A chorus of yeses rang out, and the men were off.

Galen stood there for a long while, popping his jaw, breathing deeply. Olivia didn’t dare risk an exhalation; she simply held the oxygen in her nose and waited. Finally, he stormed off, following behind the men.

She tiptoed forward and placed her fingers at Dominic’s neck. No pulse. Her chin trembled, and tears once again filled her eyes. He’d been ready to die, had wanted it even, but it still broke her heart. He’d never known joy. He should have known joy.

Pray for his soul. Later. You can’t help anyone if you die, as well. Olivia stood, her tears pouring down her cheeks like rain. She could barely see in front of her, but she stumbled forward, taking the same path as Galen.

The hallway led to an empty area, but that empty area led to a closed doorway. The exit? Most likely. The seam between the double doors revealed a stream of sunlight.

Gulping, she held out her uninjured hand and pushed the panels open. Warm air instantly enveloped her. And sure enough, the sun was shining brightly over a parking lot. Too brightly for her now-sensitive vision. Still, she blinked against those rays as she trudged onward.

Until a smiling Galen stepped into her path.

His wings were spread wide, and she was moving too quickly to stop. She knocked into him and careened backward, falling into the metal wall of the warehouse. With a shocked, pained gasp, she slid to the rock-laden ground.

“I thought you’d stay behind to check on the boy,” he said, grin widening. “Your friends caused his death, yet still you thought to return to them. So disappointing. So predictable.”


He lunged for the wall, and Olivia rolled out of the way, clutching as many rocks as she could hold. She scrambled to her feet, careful not to make another sound, and Galen ended up slamming into the building.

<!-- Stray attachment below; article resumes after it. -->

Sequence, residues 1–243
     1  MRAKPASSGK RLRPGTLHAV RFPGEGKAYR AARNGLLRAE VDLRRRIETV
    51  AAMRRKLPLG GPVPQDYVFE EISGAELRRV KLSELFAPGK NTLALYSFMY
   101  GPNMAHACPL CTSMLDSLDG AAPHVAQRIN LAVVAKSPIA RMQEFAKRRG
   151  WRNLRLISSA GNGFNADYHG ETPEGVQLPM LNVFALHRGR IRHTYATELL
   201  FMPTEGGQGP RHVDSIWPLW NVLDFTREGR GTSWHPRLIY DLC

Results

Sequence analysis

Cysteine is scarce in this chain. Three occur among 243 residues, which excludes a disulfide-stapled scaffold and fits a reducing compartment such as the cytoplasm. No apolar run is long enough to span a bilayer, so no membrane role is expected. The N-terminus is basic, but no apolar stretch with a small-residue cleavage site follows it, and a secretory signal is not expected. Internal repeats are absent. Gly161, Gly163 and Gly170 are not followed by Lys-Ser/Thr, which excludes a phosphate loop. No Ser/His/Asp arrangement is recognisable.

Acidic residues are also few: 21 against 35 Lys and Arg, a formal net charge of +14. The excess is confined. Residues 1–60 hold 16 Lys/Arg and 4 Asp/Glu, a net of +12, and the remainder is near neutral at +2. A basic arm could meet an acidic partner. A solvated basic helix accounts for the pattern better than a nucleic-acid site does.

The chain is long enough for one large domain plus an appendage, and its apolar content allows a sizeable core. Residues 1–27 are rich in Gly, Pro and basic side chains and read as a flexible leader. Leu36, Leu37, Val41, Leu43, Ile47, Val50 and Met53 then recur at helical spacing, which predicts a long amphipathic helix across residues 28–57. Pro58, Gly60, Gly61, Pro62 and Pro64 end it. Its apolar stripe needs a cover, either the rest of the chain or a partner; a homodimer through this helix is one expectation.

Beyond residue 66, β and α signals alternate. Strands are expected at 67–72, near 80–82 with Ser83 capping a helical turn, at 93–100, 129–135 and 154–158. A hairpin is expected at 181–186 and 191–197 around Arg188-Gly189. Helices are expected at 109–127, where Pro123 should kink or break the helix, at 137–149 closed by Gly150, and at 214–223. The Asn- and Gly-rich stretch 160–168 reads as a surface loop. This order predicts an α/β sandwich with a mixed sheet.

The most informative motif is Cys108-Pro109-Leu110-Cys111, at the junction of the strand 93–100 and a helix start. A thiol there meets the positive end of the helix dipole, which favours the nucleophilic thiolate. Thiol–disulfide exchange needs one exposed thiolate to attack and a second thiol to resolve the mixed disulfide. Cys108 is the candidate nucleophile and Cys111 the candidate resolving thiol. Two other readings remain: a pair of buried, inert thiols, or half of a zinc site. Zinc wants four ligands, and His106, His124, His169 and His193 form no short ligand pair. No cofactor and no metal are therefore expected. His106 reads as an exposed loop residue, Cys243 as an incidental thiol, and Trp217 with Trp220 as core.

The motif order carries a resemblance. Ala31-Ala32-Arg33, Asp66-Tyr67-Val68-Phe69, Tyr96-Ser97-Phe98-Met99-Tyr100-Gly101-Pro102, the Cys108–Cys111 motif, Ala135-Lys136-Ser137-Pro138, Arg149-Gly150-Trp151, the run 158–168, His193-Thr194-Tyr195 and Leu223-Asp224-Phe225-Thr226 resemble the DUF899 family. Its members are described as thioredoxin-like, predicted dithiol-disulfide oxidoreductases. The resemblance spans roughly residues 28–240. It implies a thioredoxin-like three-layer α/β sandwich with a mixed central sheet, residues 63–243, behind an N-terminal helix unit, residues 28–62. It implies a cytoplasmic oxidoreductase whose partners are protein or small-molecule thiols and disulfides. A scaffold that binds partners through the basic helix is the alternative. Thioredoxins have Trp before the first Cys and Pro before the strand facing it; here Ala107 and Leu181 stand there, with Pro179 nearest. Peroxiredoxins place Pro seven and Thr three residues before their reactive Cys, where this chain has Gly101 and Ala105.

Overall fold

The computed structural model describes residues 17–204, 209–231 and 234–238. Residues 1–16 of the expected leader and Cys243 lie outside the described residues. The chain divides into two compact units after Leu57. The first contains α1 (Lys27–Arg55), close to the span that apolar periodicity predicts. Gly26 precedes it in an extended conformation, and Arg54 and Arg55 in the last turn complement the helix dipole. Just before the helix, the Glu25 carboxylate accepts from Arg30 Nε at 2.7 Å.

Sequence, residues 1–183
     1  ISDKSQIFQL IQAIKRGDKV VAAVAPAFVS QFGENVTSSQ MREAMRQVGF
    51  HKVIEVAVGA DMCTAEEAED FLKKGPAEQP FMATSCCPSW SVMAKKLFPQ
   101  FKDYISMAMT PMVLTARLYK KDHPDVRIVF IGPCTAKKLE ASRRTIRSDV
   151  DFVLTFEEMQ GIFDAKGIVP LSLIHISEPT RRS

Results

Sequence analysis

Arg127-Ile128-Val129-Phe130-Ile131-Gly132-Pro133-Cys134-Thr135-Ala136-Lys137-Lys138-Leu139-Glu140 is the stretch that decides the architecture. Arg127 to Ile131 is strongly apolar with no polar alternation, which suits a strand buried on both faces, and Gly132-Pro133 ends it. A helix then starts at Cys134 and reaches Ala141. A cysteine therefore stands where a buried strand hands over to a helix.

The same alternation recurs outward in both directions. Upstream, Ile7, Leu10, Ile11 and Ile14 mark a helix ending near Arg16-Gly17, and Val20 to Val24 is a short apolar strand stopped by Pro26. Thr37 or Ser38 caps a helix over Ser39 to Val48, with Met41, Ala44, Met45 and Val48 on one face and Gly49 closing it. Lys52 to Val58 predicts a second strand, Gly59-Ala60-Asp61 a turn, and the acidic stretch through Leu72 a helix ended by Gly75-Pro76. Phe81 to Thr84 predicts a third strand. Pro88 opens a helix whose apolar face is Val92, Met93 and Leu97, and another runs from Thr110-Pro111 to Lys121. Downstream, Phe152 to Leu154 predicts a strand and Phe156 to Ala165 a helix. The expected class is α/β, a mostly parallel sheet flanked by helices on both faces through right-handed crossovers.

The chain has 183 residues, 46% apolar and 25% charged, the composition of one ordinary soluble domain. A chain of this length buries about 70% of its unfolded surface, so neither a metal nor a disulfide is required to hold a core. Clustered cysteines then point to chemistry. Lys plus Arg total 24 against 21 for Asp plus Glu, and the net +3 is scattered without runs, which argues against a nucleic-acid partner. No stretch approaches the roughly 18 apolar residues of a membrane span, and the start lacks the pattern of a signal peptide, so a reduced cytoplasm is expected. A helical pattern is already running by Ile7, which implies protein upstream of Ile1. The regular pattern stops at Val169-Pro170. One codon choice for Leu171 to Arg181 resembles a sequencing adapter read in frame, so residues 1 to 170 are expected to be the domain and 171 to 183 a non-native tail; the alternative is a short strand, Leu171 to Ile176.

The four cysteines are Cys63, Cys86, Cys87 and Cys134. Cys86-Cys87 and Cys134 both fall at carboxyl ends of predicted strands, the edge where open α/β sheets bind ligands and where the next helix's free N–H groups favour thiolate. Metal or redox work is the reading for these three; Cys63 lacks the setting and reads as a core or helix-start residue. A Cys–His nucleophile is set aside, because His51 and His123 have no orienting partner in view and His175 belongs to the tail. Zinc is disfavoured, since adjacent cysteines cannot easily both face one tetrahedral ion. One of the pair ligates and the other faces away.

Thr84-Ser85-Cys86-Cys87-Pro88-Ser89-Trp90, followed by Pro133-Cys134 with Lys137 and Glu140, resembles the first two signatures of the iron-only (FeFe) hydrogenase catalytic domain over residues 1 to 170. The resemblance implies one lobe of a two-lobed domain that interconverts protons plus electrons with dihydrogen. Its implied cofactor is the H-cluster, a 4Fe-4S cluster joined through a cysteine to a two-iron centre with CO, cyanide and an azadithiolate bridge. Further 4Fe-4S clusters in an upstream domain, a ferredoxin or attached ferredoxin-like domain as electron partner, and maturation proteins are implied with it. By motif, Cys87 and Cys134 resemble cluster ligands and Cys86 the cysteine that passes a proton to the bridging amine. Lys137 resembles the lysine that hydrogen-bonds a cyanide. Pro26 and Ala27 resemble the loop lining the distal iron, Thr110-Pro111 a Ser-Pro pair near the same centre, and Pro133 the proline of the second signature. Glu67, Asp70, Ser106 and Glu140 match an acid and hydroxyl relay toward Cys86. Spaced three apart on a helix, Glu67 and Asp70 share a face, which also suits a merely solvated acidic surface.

He straightened. “Doesn’t matter. I can see your footprints. It’s just a matter of following you now.”

Thanks for the warning. She zigzagged left, right, gaze continually moving, searching for a path to safety. Only dirt and gravel greeted her. Which meant anywhere she stepped, he would continue to see her prints. And he did. He followed her.

“Escape me, and I’ll go after Aeron next. I’ll cut off his head while you watch, helpless.”

He was taunting her, trying to trick her into retreating.

Slowly, inch by agonizing inch, Olivia moved backward. Still Galen followed. She threw a glance over her shoulder. A hundred yards away was a busy area, with a high-traffic road and many other buildings. Hunters had probably chosen the location as a way of hiding in plain sight, but what they hadn’t counted on was that it would be easier for their prisoners to hide, as well. All she had to do was make it there, and then she would be safe. He would never be able to pick her out.

Problem: he was fast, faster than her, and uninjured. If she ran, he could catch her. Worth the risk.

Drawing on a reservoir of strength she hadn’t known she possessed, she spun around and sprinted forward. There was a crunch of gravel, and she knew that Galen was still hot on her trail. Her entire body screamed in protest each time she threw one leg in front of the other, but she only increased her speed.